Let’s go back to 2001 and do a little math:
Huge IT contract + Politicians + Lobbyists + Soft IT market + Legions of government contractors + Newly created government agency + More politicians + Career civil servants
What does that make? A hugely expensive, difficult, political and organizational undertaking, and plenty of scope for fingerpointing — and that’s what we’ve got.
Full disclosure here: I was working for Unisys for the first three years of this contract, and only a non-US passport kept me from working on this engagement (and believe me I thanked my lucky stars every morning when I woke up that I wasn’t).
I’m not a huge Unisys defender in general — I saw plenty of gaffes from the sidelines, and like any large systems integrator Unisys has its fair share of inefficiencies and dead wood — but Unisys is being accused of everything under the sun, from covering up the problems, to kicking puppies and being mean to its gradmother. I’m just not convinced anyone else would’ve done much better — and has anyone noticed the alarming regularity with which government agencies blame their contractors compared to their commercial counterparts?
Let’s just point out a couple of things from the Washington Post article, in 2005, "[Unisys] said, under the follow-on contract, ‘DHS, citing lack of funding, elected to stop paying for security monitoring services,’ but that the firm continued to provide the monitoring anyway."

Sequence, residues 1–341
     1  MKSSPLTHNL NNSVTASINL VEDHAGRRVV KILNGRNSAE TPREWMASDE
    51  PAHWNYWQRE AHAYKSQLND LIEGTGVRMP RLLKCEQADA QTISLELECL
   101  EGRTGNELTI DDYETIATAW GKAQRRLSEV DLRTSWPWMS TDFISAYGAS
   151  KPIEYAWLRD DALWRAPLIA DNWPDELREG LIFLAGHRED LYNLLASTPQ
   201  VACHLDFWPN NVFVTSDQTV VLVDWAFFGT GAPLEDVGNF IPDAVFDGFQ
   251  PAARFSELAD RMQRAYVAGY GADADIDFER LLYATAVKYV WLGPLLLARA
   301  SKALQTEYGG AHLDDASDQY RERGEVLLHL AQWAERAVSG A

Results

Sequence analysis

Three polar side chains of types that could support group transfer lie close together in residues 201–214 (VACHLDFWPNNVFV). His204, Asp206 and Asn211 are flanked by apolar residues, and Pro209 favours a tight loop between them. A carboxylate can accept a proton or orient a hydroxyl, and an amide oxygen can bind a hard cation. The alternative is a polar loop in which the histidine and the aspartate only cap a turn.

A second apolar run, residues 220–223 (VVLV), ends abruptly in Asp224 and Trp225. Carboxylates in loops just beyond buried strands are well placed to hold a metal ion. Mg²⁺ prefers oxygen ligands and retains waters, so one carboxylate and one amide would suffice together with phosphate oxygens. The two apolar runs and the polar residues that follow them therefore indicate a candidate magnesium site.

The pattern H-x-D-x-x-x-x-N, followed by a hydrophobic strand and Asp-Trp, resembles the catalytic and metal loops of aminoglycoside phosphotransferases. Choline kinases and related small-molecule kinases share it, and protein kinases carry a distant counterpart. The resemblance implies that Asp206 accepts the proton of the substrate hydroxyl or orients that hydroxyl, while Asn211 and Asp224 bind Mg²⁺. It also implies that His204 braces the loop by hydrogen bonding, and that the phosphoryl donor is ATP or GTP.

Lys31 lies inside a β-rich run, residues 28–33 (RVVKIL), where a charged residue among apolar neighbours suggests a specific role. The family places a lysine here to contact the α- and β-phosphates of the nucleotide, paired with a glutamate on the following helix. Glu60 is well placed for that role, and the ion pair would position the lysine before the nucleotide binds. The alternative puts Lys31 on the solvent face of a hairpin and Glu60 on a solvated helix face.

Also, it states — "The contractor also allegedly falsely certified that the network had been protected to cover up its lax oversight, according to the committee." So you’re telling me Unisys said the network was completely secure? I doubt that very much.
Let’s not get too excited here, we’re talking about a sophisticated hack on unclassified data, yet we’re told "senior DHS officials failed to recognize the situation’s gravity" — or did they just treat it with the risk level it warranted?
Seems to me like some politician has got wind of a storm in a teacup, and everyone has had to jump to attention.